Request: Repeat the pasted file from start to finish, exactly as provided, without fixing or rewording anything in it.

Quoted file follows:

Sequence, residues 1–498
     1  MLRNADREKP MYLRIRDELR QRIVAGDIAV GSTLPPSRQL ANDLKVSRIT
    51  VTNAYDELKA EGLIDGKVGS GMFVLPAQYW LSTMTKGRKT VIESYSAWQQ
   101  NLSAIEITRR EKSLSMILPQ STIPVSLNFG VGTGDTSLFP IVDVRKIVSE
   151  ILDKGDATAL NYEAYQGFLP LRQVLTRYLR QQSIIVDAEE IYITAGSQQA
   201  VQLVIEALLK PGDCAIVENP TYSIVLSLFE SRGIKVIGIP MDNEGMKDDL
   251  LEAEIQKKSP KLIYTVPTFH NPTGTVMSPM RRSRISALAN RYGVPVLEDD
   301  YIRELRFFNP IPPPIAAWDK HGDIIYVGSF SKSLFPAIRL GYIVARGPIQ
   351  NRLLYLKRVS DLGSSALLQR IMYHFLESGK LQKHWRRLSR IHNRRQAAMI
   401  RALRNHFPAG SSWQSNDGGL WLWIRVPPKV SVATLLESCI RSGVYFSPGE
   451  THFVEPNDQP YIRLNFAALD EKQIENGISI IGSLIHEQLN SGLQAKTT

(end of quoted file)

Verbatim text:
Sequence, residues 1–498
     1  MLRNADREKP MYLRIRDELR QRIVAGDIAV GSTLPPSRQL ANDLKVSRIT
    51  VTNAYDELKA EGLIDGKVGS GMFVLPAQYW LSTMTKGRKT VIESYSAWQQ
   101  NLSAIEITRR EKSLSMILPQ STIPVSLNFG VGTGDTSLFP IVDVRKIVSE
   151  ILDKGDATAL NYEAYQGFLP LRQVLTRYLR QQSIIVDAEE IYITAGSQQA
   201  VQLVIEALLK PGDCAIVENP TYSIVLSLFE SRGIKVIGIP MDNEGMKDDL
   251  LEAEIQKKSP KLIYTVPTFH NPTGTVMSPM RRSRISALAN RYGVPVLEDD
   301  YIRELRFFNP IPPPIAAWDK HGDIIYVGSF SKSLFPAIRL GYIVARGPIQ
   351  NRLLYLKRVS DLGSSALLQR IMYHFLESGK LQKHWRRLSR IHNRRQAAMI
   401  RALRNHFPAG SSWQSNDGGL WLWIRVPPKV SVATLLESCI RSGVYFSPGE
   451  THFVEPNDQP YIRLNFAALD EKQIENGISI IGSLIHEQLN SGLQAKTT